Investigation Confirms Environmental Violations at Parchman Prison in Mississippi

The main entrance to the Mississippi State Penitentiary at Parchman

Mississippi Department of Corrections

For years, the people incarcerated at the Mississippi State Penitentiary in Parchman have reported a host of problems relating to drinking water and sewage. Now, an investigation by NRDC and our partners at the Southern Poverty Law Center (SPLC) confirms repeated and likely ongoing environmental violations at the notorious Parchman prison.

Since the 1970s, the Clean Water Act and Safe Drinking Water Act have been bedrock environmental laws, protecting rivers and waterbodies from polluted wastewater discharges and promoting the quality and safety of tap water in public water systems nationwide, respectively. But even so, individuals incarcerated at Parchman have long described discolored drinking water tasting of sewage or strong disinfectant. Some of those confined at Parchman have also reported health problems that they attribute to drinking and showering in this water, including rashes, sores, and nausea.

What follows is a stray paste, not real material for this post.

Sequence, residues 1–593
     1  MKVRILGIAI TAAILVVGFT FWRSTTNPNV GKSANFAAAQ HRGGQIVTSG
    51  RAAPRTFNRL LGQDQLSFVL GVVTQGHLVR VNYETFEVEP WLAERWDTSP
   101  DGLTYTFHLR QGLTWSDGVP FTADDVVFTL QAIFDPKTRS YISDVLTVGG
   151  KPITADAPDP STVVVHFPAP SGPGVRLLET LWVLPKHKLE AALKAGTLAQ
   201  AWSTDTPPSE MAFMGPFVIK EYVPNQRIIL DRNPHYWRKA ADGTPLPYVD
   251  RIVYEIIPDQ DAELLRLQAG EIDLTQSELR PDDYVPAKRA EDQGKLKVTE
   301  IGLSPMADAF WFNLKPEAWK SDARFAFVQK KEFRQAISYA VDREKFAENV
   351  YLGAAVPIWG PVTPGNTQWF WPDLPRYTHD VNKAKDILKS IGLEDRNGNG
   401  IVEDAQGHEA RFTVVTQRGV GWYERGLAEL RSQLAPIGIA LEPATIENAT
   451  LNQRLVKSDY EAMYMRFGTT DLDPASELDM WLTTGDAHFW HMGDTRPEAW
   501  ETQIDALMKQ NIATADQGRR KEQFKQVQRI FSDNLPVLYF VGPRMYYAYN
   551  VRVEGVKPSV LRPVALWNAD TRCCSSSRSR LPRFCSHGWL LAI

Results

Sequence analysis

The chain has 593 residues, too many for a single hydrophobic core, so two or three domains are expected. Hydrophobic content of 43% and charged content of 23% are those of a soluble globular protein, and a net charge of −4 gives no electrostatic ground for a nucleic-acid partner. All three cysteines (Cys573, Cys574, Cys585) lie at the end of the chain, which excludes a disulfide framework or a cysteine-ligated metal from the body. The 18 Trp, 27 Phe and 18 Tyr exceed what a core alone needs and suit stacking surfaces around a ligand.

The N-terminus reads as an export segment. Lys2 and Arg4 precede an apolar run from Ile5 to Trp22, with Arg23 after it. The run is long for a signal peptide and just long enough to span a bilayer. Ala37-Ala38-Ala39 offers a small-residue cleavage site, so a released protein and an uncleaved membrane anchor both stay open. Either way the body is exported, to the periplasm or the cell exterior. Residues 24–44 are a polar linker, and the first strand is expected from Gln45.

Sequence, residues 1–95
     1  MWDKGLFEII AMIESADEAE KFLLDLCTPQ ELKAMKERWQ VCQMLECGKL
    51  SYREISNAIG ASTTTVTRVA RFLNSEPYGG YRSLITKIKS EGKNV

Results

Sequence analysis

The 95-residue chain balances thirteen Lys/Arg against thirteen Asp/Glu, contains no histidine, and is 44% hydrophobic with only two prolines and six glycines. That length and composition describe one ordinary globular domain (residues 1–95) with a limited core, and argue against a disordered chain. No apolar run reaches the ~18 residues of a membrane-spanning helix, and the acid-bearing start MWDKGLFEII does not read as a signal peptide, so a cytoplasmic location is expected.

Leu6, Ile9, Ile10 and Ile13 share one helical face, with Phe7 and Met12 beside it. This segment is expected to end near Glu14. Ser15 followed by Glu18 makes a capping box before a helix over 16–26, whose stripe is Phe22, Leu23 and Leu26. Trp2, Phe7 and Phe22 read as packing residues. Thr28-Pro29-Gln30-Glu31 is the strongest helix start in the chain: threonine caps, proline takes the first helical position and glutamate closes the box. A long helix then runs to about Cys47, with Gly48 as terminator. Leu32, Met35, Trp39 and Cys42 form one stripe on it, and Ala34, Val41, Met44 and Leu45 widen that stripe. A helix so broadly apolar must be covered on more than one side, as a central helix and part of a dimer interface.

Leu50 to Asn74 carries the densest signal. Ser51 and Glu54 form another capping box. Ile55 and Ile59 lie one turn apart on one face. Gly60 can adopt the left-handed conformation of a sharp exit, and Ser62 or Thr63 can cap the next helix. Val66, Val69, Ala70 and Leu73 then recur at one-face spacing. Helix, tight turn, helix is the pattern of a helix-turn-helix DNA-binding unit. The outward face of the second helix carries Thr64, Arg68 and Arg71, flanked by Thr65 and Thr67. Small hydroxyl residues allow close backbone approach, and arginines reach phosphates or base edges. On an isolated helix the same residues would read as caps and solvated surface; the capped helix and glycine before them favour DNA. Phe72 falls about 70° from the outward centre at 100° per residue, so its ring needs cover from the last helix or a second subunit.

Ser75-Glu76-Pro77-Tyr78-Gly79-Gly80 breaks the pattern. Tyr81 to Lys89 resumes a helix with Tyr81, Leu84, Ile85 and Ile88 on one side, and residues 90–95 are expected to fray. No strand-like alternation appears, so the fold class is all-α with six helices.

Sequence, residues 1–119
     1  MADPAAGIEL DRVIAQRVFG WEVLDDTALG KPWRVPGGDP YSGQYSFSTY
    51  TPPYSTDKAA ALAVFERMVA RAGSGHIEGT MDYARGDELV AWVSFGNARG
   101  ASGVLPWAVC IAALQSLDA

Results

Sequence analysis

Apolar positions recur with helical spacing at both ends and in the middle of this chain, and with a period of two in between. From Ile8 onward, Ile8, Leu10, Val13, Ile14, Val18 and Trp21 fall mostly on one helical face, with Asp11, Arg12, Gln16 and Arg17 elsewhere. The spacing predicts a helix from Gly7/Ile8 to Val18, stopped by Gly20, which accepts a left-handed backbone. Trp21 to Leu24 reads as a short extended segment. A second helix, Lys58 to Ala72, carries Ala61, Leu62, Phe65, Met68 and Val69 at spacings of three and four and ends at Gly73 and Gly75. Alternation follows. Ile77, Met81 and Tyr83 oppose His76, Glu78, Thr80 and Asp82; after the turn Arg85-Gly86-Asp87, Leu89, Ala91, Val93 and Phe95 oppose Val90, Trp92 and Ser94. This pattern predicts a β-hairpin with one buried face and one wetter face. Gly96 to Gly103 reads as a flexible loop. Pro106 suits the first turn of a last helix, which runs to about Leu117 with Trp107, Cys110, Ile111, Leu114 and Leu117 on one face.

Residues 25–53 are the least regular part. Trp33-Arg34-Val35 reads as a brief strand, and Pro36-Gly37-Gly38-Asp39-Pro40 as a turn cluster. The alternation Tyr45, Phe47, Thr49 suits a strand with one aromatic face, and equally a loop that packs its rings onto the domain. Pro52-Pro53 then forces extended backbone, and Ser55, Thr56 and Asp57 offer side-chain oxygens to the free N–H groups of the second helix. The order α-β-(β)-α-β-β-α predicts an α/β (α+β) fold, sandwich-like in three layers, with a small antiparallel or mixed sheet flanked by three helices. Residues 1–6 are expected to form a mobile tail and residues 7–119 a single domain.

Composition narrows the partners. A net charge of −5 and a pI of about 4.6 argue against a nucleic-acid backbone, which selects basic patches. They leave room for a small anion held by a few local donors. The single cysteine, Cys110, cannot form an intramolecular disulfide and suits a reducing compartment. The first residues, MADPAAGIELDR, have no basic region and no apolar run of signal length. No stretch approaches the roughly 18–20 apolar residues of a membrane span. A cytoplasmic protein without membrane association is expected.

See our archive of documents relating to environmental problems at Parchman Prison. →

Our investigation also identified serious issues with Parchman’s wastewater system, including major needed repairs that went ignored for years due to neglect and mismanagement. Wastewater discharged from Parchman’s derelict sewage treatment system may also be harming waters up to several miles downstream that are commonly used for fishing.

Hitchin’ Hill, where many locals go to fish and recreate, about eight miles from Parchman

NRDC

In a joint letter sent to prison officials, Mississippi state agencies, and the U.S. Environmental Protection Agency, NRDC and SPLC detail Parchman’s multiple, yearslong violations of federal environmental laws. We are urging the agencies to diligently resolve the environmental injustices at Parchman prison and to protect the health of the 2,000 individuals incarcerated there, the staff, and the surrounding communities.